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Bernard Althaus

Following in the footsteps of his family, who owned and operated Restaurant de La Gare, a Hotel-Restaurant in Faoug (Canton de Vaud, a town in the French-influenced part of Switzerland) Bernard says that his desire to become a chef came the day he was born; "I was born in one of the rooms above the family restaurant. My first smell was that of food. It has been in my blood to become a chef since the day I was born." 


Born and raised west of the Alps, Althaus brings an earnest French/Swiss sensibility to his cuisine.


Educated in Lausanne, he then served his apprenticeship at Restaurant Le Chalet Suisse, before coming to the U.S. where he served as head chef for French team of the 1970 America's Cup. He then continued this journey as a private chef on charters in the Caribbean before returning to Switzerland. 


In 1990, Bernard and his wife, along with their two children, came to Newport Beach for the wedding of

a family uncle. With plans of traveling the U.S. they purchased a motor home and traveled the country for a

year. Like many, they found the combination of beautiful

weather, ocean, and nearby access to skiing irresistible

and too good to leave behind. 


Soon thereafter, Althaus began cooking alongside fellow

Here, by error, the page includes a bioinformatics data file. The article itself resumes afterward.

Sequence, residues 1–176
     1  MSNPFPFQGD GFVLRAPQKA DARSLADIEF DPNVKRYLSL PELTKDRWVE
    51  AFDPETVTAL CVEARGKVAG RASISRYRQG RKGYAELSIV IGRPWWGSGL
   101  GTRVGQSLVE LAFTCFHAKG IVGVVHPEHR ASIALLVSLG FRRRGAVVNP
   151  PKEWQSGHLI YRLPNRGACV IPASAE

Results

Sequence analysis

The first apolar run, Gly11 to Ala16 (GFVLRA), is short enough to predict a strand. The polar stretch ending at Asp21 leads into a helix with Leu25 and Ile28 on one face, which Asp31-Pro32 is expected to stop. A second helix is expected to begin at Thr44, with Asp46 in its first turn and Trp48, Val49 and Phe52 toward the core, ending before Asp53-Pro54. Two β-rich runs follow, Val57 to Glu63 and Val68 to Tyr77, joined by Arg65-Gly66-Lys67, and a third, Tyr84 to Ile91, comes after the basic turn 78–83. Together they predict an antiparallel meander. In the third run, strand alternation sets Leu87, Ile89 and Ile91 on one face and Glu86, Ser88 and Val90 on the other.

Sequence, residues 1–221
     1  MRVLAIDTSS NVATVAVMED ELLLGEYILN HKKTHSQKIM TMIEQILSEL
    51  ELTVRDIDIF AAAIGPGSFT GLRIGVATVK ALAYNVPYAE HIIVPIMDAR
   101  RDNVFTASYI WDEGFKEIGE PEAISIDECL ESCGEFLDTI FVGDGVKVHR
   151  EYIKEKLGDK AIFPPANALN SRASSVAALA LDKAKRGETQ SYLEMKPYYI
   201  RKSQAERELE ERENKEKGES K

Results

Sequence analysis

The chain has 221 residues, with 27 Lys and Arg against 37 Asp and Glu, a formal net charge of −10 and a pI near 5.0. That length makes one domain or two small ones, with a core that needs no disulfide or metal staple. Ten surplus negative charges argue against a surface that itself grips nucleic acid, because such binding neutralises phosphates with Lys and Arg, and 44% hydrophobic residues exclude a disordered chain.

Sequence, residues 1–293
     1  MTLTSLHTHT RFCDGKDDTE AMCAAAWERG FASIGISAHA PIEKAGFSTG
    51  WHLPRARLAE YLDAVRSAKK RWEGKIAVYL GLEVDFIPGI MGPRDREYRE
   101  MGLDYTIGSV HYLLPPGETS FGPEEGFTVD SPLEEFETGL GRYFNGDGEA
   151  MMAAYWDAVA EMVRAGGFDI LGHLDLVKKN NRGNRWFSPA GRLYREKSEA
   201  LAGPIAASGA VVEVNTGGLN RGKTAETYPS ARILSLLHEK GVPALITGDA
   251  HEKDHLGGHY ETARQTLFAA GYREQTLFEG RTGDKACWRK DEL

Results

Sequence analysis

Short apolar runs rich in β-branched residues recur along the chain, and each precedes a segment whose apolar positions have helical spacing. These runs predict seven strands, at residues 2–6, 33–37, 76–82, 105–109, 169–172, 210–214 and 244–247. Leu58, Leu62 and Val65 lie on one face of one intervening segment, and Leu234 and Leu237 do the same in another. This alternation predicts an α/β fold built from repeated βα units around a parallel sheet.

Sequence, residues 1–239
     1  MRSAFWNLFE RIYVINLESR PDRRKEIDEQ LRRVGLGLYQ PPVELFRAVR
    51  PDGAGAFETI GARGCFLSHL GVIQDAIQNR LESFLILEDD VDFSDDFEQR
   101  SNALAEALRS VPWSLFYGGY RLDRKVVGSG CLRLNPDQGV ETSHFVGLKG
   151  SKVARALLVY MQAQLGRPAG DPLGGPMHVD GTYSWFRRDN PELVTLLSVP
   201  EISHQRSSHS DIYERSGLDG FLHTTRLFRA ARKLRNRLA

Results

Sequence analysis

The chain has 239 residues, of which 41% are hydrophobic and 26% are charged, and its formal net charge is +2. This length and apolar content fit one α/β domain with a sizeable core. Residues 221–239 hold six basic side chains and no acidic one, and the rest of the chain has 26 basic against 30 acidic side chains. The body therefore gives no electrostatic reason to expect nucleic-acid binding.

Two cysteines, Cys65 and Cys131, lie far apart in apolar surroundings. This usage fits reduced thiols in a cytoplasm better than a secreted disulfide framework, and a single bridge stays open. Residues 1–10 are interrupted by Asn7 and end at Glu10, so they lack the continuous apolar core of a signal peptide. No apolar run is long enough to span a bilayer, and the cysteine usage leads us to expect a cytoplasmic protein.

Swiss, Ernst Zingg, at The Celler in Fullerton, spent almost

two years at Newport Beach's Pascal Restaurant, then

over five years at Mezzanine At The Towers in Irvine

before opening Basilic in 1997.


Althaus has since been spending most of his time

perfecting his exquisite dishes and pleasing his

clientele five nights a week on Balboa Island. At home he

harvests his own organic garden to produce the fresh

herbs used in his dishes (the name Basilic is the French

word for basil- Althaus' favorite go-to herb for seasoning

) and grows the yellow and red, organic, heirloom

tomatoes found in the summer seasonal Special Tomato 

Salad.  In the kitchen, he prepares each dish and

every dish to-order, making sure each plate is served to

perfection from the Swiss Onion Soup, the John Dory

Filet, to the Crème Brûlée. He'll often make a

quick appearance in the dining room to greet guests

between seatings.

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